Monthly Market Perspective: October 2022

Yearning for Earnings

By James M. Walden, CFA

The current price of any individual stock or broad equity index can be deconstructed into two variables: (1) its earnings per share, and (2) the price the market is willing to pay for each $1 of earnings per share. (This variable is known as its price-to-earnings, or P/E, ratio.)
This can be written as a simple algebra equation:

Current market price per share = (Earnings per share) x (P/E ratio)

It follows, then, that any change in a stock’s price per share is a function of changes in its earnings per share, P/E ratio, or both.

Let’s see this logic applied to the S&P 500’s current bear market.

Exhibit: Corporate Profits and Sources of Total Return


Source: Compustat, FactSet, Standard & Poor’s, J.P. Morgan Asset Management, Clayton Wealth Partners.

Historical EPS levels are based on annual operating earnings per share. Earnings estimates are based on estimates from Standard & Poor’s and FactSet Market Aggregates. *Earnings and multiple growth are both year-to-date percent changes of next 12-month estimates. Past performance is not indicative of future returns. Data are as of October 6, 2022.


Through September 30, the S&P 500’s price was down 21.4% year-to-date. As shown in the inset table of the exhibit on the previous page, more than all the S&P’s decline came from a 26.7% decline in its P/E ratio. So far, estimated growth in earnings of 5.2% has helped offset that P/E reduction.
To a large extent, the decline in the P/E ratio is from the immediate impact of higher inflation and related higher interest rates. More money being consumed by inflation and increased interest expense means that less money is available for investment, all else equal. And since the value of an investment is the sum of the present value of all its future cash flows, higher interest rates mean those future cash flows are worth even less today.

Higher interest rates can affect corporate profits, too, but often with a lag. Companies can sometimes pass along higher costs to consumers. But at some point, higher costs impact consumer demand and, ultimately, earnings.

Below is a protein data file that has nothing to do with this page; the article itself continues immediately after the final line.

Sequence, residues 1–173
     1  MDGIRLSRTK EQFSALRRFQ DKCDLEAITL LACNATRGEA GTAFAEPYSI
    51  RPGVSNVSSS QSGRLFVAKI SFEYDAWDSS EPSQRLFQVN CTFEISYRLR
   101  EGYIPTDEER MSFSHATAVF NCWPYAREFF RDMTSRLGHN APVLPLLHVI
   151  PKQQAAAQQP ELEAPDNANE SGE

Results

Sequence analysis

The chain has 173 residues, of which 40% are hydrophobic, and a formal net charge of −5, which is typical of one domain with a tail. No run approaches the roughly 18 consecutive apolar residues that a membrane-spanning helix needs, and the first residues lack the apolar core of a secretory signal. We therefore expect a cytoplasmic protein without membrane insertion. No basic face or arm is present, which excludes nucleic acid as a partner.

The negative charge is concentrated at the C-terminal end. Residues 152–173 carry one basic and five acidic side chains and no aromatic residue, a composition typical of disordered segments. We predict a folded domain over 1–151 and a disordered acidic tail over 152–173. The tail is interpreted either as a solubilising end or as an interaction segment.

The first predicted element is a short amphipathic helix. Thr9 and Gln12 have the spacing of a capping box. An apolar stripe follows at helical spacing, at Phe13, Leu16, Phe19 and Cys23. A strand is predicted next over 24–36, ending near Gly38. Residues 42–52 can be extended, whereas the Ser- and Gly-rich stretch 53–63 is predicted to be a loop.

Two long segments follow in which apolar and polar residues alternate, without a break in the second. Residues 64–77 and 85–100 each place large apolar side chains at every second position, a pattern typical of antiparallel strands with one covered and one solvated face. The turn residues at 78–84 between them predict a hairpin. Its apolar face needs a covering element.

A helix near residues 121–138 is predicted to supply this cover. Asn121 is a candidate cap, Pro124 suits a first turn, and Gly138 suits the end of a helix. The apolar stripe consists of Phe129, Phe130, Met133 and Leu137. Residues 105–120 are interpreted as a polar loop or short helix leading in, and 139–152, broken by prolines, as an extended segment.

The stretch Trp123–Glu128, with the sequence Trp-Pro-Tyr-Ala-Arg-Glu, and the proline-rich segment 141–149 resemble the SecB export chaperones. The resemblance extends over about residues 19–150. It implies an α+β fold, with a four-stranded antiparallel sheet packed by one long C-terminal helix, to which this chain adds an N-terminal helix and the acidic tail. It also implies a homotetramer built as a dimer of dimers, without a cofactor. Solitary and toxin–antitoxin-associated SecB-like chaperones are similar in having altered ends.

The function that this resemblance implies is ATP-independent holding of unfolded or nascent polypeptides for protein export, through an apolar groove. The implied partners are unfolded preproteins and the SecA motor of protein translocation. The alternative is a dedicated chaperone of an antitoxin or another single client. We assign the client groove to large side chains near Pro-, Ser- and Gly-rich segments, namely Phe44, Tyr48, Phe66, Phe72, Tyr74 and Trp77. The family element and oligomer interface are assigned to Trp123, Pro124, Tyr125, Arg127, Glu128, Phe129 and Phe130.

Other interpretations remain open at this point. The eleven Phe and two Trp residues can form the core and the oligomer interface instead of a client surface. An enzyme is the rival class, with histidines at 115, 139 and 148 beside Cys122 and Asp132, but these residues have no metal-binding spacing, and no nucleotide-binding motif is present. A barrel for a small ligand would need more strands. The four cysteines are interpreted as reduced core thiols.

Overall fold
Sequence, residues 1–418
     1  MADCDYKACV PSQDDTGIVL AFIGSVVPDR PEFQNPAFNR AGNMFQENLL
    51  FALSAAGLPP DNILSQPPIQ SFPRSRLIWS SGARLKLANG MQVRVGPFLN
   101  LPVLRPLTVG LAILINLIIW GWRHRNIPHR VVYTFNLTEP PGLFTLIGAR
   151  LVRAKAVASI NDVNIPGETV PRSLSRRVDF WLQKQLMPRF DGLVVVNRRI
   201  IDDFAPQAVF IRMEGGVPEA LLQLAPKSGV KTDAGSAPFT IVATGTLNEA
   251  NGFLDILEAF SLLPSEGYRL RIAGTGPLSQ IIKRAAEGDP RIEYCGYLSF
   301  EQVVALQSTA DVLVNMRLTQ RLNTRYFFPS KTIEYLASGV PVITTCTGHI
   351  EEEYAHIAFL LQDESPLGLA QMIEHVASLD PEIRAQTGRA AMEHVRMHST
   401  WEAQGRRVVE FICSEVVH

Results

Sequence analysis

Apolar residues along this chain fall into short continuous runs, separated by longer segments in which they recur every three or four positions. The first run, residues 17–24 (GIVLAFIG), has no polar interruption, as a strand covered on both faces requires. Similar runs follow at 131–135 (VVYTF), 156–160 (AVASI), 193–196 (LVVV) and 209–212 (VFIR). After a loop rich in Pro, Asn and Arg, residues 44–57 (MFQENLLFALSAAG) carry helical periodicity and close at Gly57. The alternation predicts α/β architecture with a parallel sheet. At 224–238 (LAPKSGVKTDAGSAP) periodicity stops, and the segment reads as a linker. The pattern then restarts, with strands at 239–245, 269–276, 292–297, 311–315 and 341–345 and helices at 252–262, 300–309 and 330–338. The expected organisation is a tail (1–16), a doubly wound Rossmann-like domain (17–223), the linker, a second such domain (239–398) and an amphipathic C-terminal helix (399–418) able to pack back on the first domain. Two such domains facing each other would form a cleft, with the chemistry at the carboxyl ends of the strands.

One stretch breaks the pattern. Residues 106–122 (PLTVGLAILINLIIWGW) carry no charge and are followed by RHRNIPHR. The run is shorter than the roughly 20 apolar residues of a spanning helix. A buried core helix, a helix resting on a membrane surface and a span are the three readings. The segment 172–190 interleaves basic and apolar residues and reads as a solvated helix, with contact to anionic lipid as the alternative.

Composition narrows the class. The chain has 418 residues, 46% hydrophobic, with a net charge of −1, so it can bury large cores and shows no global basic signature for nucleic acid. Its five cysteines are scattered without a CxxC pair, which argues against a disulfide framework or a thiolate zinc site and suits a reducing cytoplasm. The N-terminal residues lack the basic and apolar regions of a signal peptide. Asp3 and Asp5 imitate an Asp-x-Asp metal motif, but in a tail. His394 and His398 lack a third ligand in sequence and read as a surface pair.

All eyes will be on third-quarter earnings results, which companies are poised to begin reporting en masse. Wall Street analysts have already lowered their expectations for third-quarter earnings growth. But they still expect growth in the third quarter and for all of 2022 and beyond. (See the panel on the left in the exhibit.)

If we slip into recession, earnings could fall, turning that variable of our algebra equation into a headwind and providing another leg down in the current bear market. In this environment, we think it’s prudent to remain cautious.


  • Significant pent-up consumer demand
  • Strong jobs environment
  • Relatively healthy consumer finances
  • Reasonable equity valuations


  • Slowing global economic growth
  • High global inflation
  • Tightening by the Fed and other global central banks
  • Russia-Ukraine war and other geopolitical concerns
  • Equities in a downtrend


Download the pdf version here.

James Walden, CFA

As a partner and the firm’s Chief Investment Officer, James Walden strives to maximize our clients’ long-term, risk-adjusted portfolio returns. This includes determining strategic and tactical asset allocations, as well as specific investment analysis and prudent rebalancing. Jim is also a partner and management team member. His expertise includes advanced investment research and valuation, and he is passionate about his role in helping clients reach and exceed their financial goals.